What do you wish you knew before starting a podcast?

I think there’s three main things we wish we knew before starting Flick Chicks.

The first thing we wished we knew was the importance of investing in good equipment. Given that we record from home and don’t have access to a studio the quality of our mics is extremely important. However, the first mics we bought were really cheap faulty ones and this ended up costing us hours of time and stress. It’s really unfortunate to record an exciting hour-long episode and then not have that translated to the audience due to bad audio.

The second thing we wished we knew was to do more research about audio software beforehand. It’s really important to become comfortable using the software before even recording an episode. This research should include what kind of recording software you want to use, what sound mixing software you might need and the ways you plan to post your podcast on several platforms. In some of our earlier episodes, we would spend four to five hours just trying to figure out how to properly use the mics, the recording and audio editing software.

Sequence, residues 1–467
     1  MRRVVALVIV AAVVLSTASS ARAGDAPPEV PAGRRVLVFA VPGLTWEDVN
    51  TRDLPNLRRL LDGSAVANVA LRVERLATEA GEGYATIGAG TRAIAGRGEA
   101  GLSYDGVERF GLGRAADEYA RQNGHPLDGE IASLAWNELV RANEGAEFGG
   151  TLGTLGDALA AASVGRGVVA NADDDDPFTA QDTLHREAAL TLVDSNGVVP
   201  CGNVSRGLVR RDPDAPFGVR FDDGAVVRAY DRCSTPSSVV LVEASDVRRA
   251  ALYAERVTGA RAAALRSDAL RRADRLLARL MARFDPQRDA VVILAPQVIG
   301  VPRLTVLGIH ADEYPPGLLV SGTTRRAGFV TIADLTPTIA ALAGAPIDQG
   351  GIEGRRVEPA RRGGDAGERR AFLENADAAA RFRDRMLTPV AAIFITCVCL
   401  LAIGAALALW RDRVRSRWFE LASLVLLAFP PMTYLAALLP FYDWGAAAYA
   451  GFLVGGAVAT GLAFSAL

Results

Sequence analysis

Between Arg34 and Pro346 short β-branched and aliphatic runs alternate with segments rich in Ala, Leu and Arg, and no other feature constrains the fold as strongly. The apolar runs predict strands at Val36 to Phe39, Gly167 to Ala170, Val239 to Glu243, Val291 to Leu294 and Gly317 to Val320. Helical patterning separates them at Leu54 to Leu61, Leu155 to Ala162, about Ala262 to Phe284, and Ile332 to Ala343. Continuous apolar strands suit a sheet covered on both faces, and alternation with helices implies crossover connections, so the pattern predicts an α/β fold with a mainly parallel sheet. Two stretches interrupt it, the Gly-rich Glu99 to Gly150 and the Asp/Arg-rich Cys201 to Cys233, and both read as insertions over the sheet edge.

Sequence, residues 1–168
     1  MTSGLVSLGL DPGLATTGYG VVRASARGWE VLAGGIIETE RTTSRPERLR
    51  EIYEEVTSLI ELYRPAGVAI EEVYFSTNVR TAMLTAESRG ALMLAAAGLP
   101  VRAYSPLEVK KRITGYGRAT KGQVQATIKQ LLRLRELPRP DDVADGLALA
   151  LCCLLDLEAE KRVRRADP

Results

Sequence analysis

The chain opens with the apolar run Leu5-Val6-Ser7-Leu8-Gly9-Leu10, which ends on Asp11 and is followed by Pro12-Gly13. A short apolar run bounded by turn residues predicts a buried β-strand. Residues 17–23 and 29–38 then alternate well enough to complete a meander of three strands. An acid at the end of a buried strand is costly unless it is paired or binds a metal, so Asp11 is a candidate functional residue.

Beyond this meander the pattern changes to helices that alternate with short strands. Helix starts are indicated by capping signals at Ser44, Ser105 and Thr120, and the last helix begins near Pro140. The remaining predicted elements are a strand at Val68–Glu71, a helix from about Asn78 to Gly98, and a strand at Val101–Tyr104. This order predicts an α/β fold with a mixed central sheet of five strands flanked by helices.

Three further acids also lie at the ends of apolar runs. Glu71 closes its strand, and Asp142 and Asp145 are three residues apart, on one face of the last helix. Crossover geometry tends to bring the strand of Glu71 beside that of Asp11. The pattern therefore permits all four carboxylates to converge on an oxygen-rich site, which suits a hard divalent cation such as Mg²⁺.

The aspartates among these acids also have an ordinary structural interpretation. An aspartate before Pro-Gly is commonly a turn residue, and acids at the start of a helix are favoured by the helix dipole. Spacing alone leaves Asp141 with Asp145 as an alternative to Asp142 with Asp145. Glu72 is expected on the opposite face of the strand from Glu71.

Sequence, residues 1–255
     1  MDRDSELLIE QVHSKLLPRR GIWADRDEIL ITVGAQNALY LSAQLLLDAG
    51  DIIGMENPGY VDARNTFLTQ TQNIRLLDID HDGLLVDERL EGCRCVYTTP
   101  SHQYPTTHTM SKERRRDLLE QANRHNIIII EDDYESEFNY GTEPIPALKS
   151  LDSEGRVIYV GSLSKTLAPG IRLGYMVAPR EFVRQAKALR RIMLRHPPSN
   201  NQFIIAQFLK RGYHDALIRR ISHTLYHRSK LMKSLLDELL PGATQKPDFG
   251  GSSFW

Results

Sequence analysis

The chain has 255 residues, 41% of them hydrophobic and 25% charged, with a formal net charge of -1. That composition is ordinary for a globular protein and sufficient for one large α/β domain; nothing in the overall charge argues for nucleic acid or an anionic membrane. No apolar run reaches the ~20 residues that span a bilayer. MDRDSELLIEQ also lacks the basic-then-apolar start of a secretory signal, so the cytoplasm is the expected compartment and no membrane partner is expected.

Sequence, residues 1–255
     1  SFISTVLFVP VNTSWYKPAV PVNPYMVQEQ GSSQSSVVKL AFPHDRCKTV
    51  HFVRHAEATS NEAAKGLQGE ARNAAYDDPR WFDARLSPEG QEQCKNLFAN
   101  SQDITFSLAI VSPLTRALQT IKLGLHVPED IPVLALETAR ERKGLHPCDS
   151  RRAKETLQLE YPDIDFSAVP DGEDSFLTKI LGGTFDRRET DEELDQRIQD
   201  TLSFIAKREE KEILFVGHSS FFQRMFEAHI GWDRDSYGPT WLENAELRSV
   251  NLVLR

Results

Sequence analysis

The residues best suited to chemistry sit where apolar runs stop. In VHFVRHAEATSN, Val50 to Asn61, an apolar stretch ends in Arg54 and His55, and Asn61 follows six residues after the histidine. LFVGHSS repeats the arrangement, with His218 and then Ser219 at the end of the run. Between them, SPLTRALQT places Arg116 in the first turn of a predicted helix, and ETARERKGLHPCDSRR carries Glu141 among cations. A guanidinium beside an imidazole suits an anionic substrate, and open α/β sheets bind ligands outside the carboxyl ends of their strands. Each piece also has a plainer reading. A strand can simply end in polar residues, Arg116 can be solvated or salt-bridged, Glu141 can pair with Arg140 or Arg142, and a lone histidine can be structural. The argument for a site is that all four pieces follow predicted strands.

The last thing would be to practice talking beforehand. We suggest taking some time to practice having a normal conversation and playing it back so you can hear what you sound like, see if you interrupt too much and make sure the audio is good, etc. A good idea is to record a practice pilot episode, that way if it doesn’t work out, you’re flexible with posting or not posting the episode.

Do you have any advice for others who are also pursuing a passion project?

Our first piece of advice is making a schedule and sticking to it. Because school can make you feel extremely busy with so many deadlines you want to avoid feeling overwhelmed. Treat your passion project like a job or a club; set time aside time to do it, whether it be twenty minutes every other day or two hours every Saturday, and then stick to that. Avoid cancelling and/or moving around, pick a timeslot and stick to it so you can build a comfortable routine.